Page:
I want to refinance my mortgage, but I’ll be 70 soon

I hope you can help me find out. I am 69 years old and will be 70 at the end of the month. I was offered a refinancing loan with payout and I have to decide whether to take out a loan at 15 or 30 years old. My monthly obligation would of course be higher for the 15 year loan.

I also can’t – probably will – live long enough to pay off the remaining 11 years on my current mortgage. I am diabetic, let alone other ailments. The mortgage lender knows my age, but the choice is mine.

Normally the heirs would have to deal with it based on the will, but in my opinion I have no heirs. I am single, have never been married and have no children. My mother passed away and my father is 97 years old. He lives with a woman, but they have chosen not to get married.

My brother and I have been estranged since 1990. I don’t intend to leave him anything of value – he ripped me off when our mother died, besides the fact that I don’t actually have anything of value. I don’t want to leave him a mess. He is 67 years old and who knows if he will still be alive when I die. Then there is my niece, his only child, whom I hardly know. She has never tried to correct that fact since she was an adult. She is 38 years old, single and has no children. I have 33 or more second cousins, but haven’t had a relationship with the few I’ve ever met for nearly 30 years.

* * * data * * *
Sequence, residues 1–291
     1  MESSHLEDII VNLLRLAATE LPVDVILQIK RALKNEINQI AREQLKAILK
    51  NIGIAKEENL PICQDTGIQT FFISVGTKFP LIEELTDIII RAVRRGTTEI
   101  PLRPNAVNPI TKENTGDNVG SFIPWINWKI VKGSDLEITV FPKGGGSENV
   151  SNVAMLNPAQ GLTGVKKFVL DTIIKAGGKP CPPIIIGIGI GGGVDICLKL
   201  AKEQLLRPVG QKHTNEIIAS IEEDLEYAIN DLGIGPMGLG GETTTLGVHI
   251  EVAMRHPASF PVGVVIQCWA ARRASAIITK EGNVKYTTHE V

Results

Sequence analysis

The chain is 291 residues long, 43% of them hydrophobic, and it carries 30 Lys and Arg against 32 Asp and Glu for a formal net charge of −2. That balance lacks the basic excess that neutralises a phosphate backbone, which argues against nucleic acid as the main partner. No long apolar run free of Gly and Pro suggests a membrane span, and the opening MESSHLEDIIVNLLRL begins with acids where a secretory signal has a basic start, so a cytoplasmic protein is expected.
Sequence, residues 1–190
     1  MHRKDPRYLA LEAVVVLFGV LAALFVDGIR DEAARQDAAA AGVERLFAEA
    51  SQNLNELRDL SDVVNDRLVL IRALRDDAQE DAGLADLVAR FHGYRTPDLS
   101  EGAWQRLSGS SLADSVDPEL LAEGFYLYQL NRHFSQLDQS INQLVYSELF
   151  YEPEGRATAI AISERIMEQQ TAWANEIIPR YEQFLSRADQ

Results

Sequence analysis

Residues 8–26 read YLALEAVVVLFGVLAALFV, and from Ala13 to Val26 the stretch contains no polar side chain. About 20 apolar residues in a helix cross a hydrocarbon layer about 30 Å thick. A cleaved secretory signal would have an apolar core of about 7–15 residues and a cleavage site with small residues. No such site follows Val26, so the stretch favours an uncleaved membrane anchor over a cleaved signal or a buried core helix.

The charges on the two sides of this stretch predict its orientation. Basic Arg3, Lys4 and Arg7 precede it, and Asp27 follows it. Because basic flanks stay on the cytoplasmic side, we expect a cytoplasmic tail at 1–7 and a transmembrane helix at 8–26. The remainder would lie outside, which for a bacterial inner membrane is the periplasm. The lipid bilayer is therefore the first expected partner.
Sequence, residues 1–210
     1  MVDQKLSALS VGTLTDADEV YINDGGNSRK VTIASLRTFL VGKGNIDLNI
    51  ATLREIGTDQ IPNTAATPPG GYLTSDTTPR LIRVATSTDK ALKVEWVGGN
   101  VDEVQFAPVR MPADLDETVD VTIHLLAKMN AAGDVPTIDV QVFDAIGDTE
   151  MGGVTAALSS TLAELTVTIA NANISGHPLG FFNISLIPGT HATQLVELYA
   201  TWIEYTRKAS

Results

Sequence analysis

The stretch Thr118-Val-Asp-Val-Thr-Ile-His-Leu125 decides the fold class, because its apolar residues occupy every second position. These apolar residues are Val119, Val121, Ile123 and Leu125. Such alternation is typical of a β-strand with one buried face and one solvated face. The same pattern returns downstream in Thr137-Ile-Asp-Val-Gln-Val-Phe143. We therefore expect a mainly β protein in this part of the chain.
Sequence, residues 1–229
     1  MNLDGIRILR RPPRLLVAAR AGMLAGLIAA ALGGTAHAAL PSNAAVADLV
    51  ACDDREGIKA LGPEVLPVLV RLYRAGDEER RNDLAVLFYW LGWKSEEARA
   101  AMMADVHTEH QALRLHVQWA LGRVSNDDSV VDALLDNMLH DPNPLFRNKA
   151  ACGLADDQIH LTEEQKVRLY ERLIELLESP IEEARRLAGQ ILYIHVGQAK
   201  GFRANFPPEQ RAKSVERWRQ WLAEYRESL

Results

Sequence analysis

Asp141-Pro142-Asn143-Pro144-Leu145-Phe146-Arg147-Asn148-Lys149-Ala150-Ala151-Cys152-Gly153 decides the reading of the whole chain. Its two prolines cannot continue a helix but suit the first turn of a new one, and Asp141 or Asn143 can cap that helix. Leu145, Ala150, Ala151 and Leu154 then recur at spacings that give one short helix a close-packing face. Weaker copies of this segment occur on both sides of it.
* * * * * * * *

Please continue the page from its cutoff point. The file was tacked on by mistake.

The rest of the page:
My hurt and resentment towards my brother and niece should not negate my obligation to make a will. You’re my blood, after all, and I’m not emotionally tied to any nonprofit organization. I have close friends whom I met between 1954 and 1966, but no other.

I now owe about $ 33,000 on my current mortgage. I ask for a withdrawal of $ 30,000 to use on home improvement. Valuation is waived, but the same size units in my condo have sold for between $ 285,000 and $ 315,000. I live in the suburbs of Los Angeles. The current monthly payment is $ 458, including property taxes, with an interest rate of 5.25%. The new payment is $ 531 at 3.28%. Not much of a difference considering what all of the commercials say the current refi rates are, but my debt to income ratio is out of luck.

“If I die, who will get stuck with the unpaid credit? Does the lender assume so? ‘

Right now my only “real” income is Social Security, and my father sends me $ 900 a month from an escrow account. I intend to go back to work next year because I’m insanely bored, but that has nothing to do with the credit. The amortized 30 year loan payment includes closing costs, prepaid taxes, and over $ 17,000 in outstanding debt on top of the remaining mortgage and payout.